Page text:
|Matthew Henry's Concise Commentary|
20:11-23 Jonathan faithfully promises that he would let David know how he found his father affected towards him. It will be kindness to ourselves and to ours, to secure an interest in those whom God favours, and to make his friends ours. True friendship rests on a firm basis, and is able to silence ambition, self-love, and undue regard for others. But who can fully understand the love of Jesus, who gave himself as a sacrifice for rebellious, polluted sinners! how great then ought to be the force and effects of our love to him, to his cause, and his people!
Gill's Exposition of the Entire Bible
And when thou hast stayed three days,.... From court, either at Bethlehem, which seems most probable, or in some other place incognito; however, not in the field he proposed to hide himself in, where he could not continue so long for want of food:
then thou shalt go down quickly, and come to the place where thou didst hide thyself; which makes it clear that he did not continue there during that time, but went elsewhere; from whence he was to come in haste at the expiration of three days, to the place he first hid himself in, and which was fixed upon to meet at:
when the business was in hand; when the affair was discoursed of, about getting knowledge how Saul was affected to David, and of informing him of it; or "on the day of work" (x); or business, on a working day, as the Septuagint; and so the Targum, on a common day; when, as the Vulgate Latin, it was lawful to work on it; and such was the day when Jonathan and David conversed together about the above affair; it being the day before the new moon, or first day of the month, on which day they used not to work: Some render it, "thou shalt three times go down" (y) to that place; and the sense is, that he should come on the morrow, and if he found not Jonathan there, he might conclude that as yet he knew nothing of his father's mind, and therefore should come the day following that; and if he found him not then, to come on the third day, that so he might be on the spot, let him come on which day he would:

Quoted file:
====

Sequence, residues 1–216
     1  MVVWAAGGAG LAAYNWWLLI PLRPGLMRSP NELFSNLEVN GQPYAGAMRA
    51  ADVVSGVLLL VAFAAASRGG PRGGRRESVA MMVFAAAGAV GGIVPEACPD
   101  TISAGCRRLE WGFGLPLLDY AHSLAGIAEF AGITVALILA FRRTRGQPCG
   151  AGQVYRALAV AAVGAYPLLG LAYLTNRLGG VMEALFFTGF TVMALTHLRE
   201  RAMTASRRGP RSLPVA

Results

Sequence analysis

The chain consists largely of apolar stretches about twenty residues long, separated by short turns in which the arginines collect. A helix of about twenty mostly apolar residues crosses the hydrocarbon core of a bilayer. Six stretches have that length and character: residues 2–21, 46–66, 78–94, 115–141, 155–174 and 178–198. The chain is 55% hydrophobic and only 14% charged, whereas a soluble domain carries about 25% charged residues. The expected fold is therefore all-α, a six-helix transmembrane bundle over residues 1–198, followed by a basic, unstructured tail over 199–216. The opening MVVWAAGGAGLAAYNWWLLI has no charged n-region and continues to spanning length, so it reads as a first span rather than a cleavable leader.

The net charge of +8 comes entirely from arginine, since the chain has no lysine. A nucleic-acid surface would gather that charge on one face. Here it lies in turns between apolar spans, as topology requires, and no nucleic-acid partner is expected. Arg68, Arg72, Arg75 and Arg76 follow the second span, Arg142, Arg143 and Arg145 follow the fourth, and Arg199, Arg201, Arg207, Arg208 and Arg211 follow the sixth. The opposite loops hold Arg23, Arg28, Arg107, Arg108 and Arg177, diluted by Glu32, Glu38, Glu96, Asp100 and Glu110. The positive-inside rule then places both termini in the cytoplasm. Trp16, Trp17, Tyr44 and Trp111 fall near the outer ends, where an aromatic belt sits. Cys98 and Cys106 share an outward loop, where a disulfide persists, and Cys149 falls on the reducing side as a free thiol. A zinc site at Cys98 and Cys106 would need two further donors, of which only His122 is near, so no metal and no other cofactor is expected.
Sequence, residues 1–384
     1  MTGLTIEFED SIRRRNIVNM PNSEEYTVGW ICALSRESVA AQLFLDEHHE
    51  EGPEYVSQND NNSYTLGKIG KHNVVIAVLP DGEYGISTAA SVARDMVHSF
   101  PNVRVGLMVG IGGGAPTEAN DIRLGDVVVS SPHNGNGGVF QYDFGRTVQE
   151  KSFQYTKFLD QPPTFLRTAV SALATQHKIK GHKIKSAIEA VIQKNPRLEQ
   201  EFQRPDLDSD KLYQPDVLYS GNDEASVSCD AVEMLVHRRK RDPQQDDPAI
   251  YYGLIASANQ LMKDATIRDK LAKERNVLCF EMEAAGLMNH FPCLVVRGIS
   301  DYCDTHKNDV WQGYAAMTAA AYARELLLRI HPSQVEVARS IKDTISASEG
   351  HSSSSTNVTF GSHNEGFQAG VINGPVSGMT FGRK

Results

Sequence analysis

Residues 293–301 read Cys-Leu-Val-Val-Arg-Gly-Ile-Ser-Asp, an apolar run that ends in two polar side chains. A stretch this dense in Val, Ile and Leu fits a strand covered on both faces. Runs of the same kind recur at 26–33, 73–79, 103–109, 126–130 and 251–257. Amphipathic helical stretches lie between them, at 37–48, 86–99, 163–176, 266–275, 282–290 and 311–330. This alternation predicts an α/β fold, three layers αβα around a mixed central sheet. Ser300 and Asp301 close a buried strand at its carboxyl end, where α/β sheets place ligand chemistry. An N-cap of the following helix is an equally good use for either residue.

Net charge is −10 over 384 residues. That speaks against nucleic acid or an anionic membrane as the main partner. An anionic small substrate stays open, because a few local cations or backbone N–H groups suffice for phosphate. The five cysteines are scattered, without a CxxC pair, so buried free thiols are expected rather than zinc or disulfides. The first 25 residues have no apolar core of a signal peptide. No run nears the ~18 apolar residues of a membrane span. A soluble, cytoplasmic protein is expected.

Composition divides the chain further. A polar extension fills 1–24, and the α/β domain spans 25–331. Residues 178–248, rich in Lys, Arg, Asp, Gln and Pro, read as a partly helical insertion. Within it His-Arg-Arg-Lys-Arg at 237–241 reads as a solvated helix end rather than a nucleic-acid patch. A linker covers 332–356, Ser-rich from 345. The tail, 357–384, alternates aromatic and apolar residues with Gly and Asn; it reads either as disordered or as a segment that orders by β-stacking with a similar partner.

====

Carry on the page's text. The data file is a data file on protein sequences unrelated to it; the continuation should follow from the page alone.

and shalt remain by the stone Ezel; which, because it signifies "going", the Jewish commentators generally understand it as a sign to direct travellers which way to go; but one would think this should be an improper place for David to be near, since it must be where two or more ways met, and so a public frequented place; others think therefore it had its name from David and Jonathan often going thither, to discourse with each other; the Septuagint calls it Ergab; and so the place where Jonathan, the son of Saul, exercised himself by shooting darts, is called by Jerom (z); it is said by Josephus (a) to be an hundred fifty furlongs (about nineteen miles), from Jerusalem, and from Jordan sixty, (about eight miles).
(x) "in die operis", Pagninus, Montanus, Vatablus; "die profesto", Tigurine version. (y) "tertiabis, descendes valde", Montanus; "descendes ter, vel tertiabis descendere", Castalio; so Patrick. (z) De loc. Heb. fol. 91. C. (a) Apud Adrichem. Theatrum T. S. p. 17.
Jamieson-Fausset-Brown Bible Commentary
19. when thou hast stayed three days—either with your family at Beth-lehem, or wherever you find it convenient.
come to the place where thou didst hide thyself when the business was in hand—Hebrew, "in the day," or "time of the business," when the same matter was under inquiry formerly (1Sa 19:22).
remain by the stone Ezel—Hebrew, "the stone of the way"; a sort of milestone which directed travellers. He was to conceal himself in some cave or hiding-place near that spot.
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